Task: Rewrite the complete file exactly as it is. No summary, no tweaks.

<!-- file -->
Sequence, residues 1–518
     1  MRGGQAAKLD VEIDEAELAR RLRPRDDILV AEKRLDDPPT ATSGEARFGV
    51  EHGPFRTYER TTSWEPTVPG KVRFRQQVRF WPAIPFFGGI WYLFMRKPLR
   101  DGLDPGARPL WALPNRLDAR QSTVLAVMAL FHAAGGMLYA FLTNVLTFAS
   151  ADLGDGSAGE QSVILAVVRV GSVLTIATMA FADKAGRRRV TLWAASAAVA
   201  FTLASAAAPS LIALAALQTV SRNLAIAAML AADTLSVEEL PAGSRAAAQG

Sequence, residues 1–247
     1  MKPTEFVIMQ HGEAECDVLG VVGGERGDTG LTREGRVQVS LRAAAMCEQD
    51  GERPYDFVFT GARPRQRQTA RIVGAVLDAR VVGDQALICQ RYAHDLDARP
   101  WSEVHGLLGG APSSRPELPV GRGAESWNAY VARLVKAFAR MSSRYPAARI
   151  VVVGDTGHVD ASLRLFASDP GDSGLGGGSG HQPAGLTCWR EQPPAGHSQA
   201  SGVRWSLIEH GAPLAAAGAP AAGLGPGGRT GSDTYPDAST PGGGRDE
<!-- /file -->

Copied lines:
Sequence, residues 1–518
     1  MRGGQAAKLD VEIDEAELAR RLRPRDDILV AEKRLDDPPT ATSGEARFGV
    51  EHGPFRTYER TTSWEPTVPG KVRFRQQVRF WPAIPFFGGI WYLFMRKPLR
   101  DGLDPGARPL WALPNRLDAR QSTVLAVMAL FHAAGGMLYA FLTNVLTFAS
   151  ADLGDGSAGE QSVILAVVRV GSVLTIATMA FADKAGRRRV TLWAASAAVA
   201  FTLASAAAPS LIALAALQTV SRNLAIAAML AADTLSVEEL PAGSRAAAQG

Sequence, residues 1–247
     1  MKPTEFVIMQ HGEAECDVLG VVGGERGDTG LTREGRVQVS LRAAAMCEQD
    51  GERPYDFVFT GARPRQRQTA RIVGAVLDAR VVGDQALICQ RYAHDLDARP
   101  WSEVHGLLGG APSSRPELPV GRGAESWNAY VARLVKAFAR MSSRYPAARI
   151  VVVGDTGHVD ASLRLFASDP GDSGLGGGSG HQPAGLTCWR EQPPAGHSQA
   201  SGVRWSLIEH GAPLAAAGAP AAGLGPGGRT GSDTYPDAST PGGGRDE